Early in April I came upon a Pastoral letter from the vicar of our village church in Thornford, following his recent visit to Jersualem and is very topical for us, following the recent visit of Pope Francis. 

Michael Anderson has for the past twelve years made an annual pilgrimage to the Holy City and has also visited various parts of India to visit Catholic Christian shrines. But it was his visit to Jerusalem that really captured my interest.   

He writes: ‘At the North East corner of the Mount of Olives, near the site of the Tombs of the Prophets, Haggai, Malachi, and Zechariah, there is an enchanting little church called Dominus Flevit, built in the shape of a tear and designed by the famous Italian architect, Antonio Barluzzi.

‘As you kneel in prayer and look towards the crucifix on the altar, you are struck by the beauty of the window behind the altar, a window that has an iron lattice incorporating a chalice in the middle and beyond it one of the most beautiful views of the old city of Jerusalem. It was at that spot that Christ wept for Jerusalem. I have been there twice, and on each occasion found my own tears rolling down my face.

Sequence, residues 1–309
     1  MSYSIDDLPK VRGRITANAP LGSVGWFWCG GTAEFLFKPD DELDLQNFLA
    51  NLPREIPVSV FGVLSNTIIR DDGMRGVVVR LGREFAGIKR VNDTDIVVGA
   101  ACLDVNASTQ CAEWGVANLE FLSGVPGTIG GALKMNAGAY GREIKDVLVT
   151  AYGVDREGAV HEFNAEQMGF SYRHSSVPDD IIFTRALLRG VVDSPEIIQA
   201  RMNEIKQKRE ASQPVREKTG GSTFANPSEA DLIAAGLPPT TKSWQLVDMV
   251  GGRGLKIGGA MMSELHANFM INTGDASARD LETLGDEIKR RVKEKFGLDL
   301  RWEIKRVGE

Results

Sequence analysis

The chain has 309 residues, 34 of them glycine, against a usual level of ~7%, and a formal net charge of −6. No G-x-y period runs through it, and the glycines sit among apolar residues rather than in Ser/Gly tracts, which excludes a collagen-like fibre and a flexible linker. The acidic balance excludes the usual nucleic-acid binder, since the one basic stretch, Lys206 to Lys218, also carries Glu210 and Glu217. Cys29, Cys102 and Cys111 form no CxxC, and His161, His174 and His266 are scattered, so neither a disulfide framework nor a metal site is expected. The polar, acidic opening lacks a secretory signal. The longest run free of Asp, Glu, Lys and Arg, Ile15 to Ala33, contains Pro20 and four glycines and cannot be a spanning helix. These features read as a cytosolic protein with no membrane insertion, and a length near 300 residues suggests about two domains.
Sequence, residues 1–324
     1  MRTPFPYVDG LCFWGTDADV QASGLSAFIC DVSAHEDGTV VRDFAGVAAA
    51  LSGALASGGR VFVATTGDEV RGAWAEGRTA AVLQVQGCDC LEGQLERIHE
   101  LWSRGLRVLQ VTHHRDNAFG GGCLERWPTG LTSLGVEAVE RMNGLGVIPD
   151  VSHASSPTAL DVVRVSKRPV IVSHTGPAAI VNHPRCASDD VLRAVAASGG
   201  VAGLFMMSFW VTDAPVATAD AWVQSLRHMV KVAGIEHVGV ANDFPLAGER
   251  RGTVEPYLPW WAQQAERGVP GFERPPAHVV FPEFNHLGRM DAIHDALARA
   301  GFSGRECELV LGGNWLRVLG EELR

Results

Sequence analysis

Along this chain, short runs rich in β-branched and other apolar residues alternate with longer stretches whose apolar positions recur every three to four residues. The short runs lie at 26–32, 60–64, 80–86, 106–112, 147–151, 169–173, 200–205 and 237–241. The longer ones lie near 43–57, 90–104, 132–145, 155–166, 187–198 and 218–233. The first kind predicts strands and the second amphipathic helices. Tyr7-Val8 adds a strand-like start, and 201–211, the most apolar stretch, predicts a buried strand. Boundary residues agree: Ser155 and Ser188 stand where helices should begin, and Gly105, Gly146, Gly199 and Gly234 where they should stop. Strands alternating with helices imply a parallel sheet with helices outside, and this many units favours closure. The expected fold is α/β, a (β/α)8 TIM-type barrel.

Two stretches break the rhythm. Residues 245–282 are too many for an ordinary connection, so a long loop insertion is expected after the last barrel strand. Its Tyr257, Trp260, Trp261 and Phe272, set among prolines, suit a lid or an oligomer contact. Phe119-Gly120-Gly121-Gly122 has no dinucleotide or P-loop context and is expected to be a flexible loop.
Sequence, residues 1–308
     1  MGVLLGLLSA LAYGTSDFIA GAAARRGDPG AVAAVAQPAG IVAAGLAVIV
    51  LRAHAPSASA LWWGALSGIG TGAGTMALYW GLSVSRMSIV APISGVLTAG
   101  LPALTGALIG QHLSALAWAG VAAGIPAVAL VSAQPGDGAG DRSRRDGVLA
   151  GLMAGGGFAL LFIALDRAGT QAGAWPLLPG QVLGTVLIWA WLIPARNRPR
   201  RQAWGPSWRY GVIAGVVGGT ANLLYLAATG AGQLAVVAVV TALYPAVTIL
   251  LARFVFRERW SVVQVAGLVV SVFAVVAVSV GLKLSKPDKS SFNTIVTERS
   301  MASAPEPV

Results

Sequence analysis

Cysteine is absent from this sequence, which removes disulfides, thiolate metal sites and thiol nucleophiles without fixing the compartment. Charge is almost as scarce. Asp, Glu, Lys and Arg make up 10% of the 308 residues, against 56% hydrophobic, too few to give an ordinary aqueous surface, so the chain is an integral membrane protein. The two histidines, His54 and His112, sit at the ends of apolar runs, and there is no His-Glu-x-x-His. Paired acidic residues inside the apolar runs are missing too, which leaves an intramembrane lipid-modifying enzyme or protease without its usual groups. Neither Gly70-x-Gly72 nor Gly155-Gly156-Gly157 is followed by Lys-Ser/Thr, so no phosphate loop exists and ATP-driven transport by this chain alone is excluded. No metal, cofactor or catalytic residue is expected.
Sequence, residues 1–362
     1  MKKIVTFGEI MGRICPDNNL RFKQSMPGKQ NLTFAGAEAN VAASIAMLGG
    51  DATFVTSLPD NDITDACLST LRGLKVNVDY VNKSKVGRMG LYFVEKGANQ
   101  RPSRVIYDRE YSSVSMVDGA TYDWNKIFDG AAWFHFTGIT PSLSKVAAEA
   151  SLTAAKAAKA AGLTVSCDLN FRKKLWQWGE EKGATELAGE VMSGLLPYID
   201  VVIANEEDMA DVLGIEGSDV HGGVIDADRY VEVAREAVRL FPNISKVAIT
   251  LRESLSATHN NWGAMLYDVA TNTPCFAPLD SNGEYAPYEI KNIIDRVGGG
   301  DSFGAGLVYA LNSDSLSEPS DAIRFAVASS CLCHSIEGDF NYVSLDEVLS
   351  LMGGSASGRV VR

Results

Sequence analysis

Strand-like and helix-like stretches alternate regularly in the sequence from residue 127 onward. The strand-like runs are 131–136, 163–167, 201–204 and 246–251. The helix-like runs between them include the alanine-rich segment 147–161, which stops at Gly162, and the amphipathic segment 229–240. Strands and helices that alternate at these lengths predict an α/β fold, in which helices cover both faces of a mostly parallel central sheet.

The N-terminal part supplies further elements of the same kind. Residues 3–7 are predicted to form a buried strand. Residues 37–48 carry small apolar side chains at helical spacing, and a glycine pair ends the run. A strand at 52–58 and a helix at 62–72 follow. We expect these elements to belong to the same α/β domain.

‘We might ask why Jesus was focussing on Jerusalem. The answer lies in the fact that Jerusalem, the city of God, symbolised the entire nation as it does today. It was and still is Israel’s largest city and the nation’s spiritual and political capital, and Jews and Gentiles from all over the world visit it regularly. But Jerusalem had a history of rejecting God’s prophets, and it would reject his Messiah just as it had rejected his forerunners. Little wonder that Jesus wept as he said, “O Jerusalem, Jerusalem, you who kill prophets and stone those who sent you, how often have I longed to gather your children together, as a hen gathers her chicks under her wings, but you were not willing! Look, your house is left to you desolate. Blessed is he who comes in the name of the Lord.”  Mt 23:37-38